You can buy the first book here, and in all the usual places (both online and in stores).
The heest are enormous monsters that live in the magically-sustained ice of Luar Island. They are both more and less than they seem.
When I was eighteen years old and living in Indonesia, I invented a fantasy world called Rahana. It is a place with thousands of islands and millions of potential stories, where magic is considered to be just another trade. Rahana is like Narnia, but with pirates.
The HEEST trilogy is written for children (but is, as always, the kind of thing I love to read as an adult).
You can order it into any bookshop or library, buy it on all the usual online retailers, or buy the physical book directly from me (signed*) here.
ISBN: 978-1-925652-13-0 (pbk) | 978-1-925652-14-7 (ebook)
The cover is here!!
FYI, if you haven’t read Sandy Fussell’s books, you’re missing out. I especially love the Samurai Kids series. She is also a fantastic human being, which doesn’t hurt!
Here’s the trailer, with sneak peeks at some of the glorious internal illustrations by Tash Turgoose:
And here’s the opening:
I awoke from a dead sleep – for once, a sleep without nightmares. My bedroom was pitch black and silent, but my heart was racing. Then the sound came again – a man shouting at the top of his voice. He pounded at my family’s front door.
“Elder!” The man’s voice was sharp with terror. “Elder, wake up!”
The night air was hot and still. My sheets lay in a crumpled heap on the floor. At the open window my curtains hung in unmoving black lines. No wind slid through to ease the stifling heat. My mane oflong black hair felt heavy around my head. I didn’t dare move.
Dad would check on me before he went to answer the yelling. Ever since my twin sister died, he was that type of dad. Whenever he felt worried about something, I was told to go to my room – to sleep, if it was night time. No matter how many nightmares I had.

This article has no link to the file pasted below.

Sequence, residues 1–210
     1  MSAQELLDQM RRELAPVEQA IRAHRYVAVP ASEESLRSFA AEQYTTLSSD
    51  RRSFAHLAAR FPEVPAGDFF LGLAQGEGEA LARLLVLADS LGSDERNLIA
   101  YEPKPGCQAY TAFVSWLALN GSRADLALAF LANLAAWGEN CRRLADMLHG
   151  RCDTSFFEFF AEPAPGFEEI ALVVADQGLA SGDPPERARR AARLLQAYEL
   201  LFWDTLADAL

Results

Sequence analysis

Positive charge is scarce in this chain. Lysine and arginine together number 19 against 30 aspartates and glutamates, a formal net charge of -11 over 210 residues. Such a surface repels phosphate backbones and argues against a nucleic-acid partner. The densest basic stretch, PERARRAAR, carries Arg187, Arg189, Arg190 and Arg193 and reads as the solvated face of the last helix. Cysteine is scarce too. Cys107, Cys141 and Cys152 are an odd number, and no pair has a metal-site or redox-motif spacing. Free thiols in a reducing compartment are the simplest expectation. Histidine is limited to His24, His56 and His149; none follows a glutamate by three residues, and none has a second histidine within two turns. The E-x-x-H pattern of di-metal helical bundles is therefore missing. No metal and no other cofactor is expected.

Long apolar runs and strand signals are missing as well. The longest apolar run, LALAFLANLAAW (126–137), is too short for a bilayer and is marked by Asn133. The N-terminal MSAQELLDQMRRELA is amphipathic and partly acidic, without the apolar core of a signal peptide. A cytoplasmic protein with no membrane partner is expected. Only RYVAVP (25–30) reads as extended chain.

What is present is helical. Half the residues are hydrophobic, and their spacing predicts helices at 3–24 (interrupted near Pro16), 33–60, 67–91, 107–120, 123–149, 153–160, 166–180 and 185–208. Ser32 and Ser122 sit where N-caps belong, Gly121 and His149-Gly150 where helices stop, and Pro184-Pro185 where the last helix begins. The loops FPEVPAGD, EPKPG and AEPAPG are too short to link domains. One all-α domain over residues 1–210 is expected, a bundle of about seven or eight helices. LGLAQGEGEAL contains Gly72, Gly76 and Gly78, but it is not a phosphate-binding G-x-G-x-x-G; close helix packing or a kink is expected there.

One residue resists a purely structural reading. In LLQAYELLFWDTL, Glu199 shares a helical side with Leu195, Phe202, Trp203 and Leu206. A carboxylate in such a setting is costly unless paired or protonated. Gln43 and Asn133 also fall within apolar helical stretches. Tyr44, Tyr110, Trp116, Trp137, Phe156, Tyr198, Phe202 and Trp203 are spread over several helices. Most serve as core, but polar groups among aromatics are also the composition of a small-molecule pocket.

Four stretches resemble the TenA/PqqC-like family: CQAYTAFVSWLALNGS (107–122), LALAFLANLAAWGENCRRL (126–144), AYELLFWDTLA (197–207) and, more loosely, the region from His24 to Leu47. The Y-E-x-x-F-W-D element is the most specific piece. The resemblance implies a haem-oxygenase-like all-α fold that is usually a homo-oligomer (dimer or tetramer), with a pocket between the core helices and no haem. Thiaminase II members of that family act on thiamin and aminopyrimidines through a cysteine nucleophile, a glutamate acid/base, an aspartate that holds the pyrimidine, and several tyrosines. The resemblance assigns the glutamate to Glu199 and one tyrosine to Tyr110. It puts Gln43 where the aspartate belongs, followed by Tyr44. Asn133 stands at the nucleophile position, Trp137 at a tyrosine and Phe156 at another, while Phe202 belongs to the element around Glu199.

He was forever telling me to be careful, – but I was definitely not going to miss out on the fun this time. So I remained curled on my side as if I hadn’t heard a thing. If he didn’t tell me to go back to sleep, sneaking out wasn’t disobeying him. Not exactly.
“Elder, please!” The man’s voice broke, and I recognised him. It was Watchman, who spent each night staring out over the sea. I felt my first delicious shiver of real fear.
Still I didn’t move. I stared at my curtains, since they were directly in front of me. The black stripes looked like prison bars. Everyone single person on the island had jail-bar curtains, since only one ship had brought curtains to Luar in twenty years. Dad could have organised more traders, but he chose instead to keep Luar Island as secret as possible. He wanted everyone to be safe.
Watchman hammered again on our heavy wooden door. I held my breath. Something was happening, and I was going to find out what it was – no matter what.
My bad eye skittered to the side, giving me half a view of the three carved masks hung on hooks on my wall – my most recent school project, worth a king’s ransom on any other island. Luar Island’s odd trees didn’t grow anywhere else – only magic could excuse the fact that explain how they grew at all – and as a result Luar’s art was more delicately carved than anywhere else in the world. And more valuable. We only used it for art – never for houses or burning. And on Luar, everyone was an artist.
“Elder!” cried Watchman. “Elder!”
“I’m here!” Dad called back.
The air tasted thick, like porridge. I wrinkled my nose at the smell of my own sweat, and listened to Dad’s measured footsteps. Dad never hurried anywhere. My door shushed in and out as he checked on me and then went to answer Watchman. Yellow light from his candle danced beneath my door, casting monstrous shadows.
After I counted three of his footsteps, I placed my own feet one by one on the cool trader wood of the floor. I slipped my shoes out from under the bed and put them on, lacing them tightly. Biting my lip, I ignored the clumsiness of my shaking hands.
If Dad called me I’d be dressed and ready: a proper daughter to Luar’s Elder. Just like my sister would have been.
If he didn’t call me, there was always the window.
The front door squeaked as it opened. Watchman stopped yelling. Usually he spent the night huddled on the far hilltop, keeping an eye out for the rare ships that knew to bring grain or cloth to trade for our precious carvings. It was his job to light the beacon fire to guide them to shore.
“Raise the village,” he gasped. “Pirates!”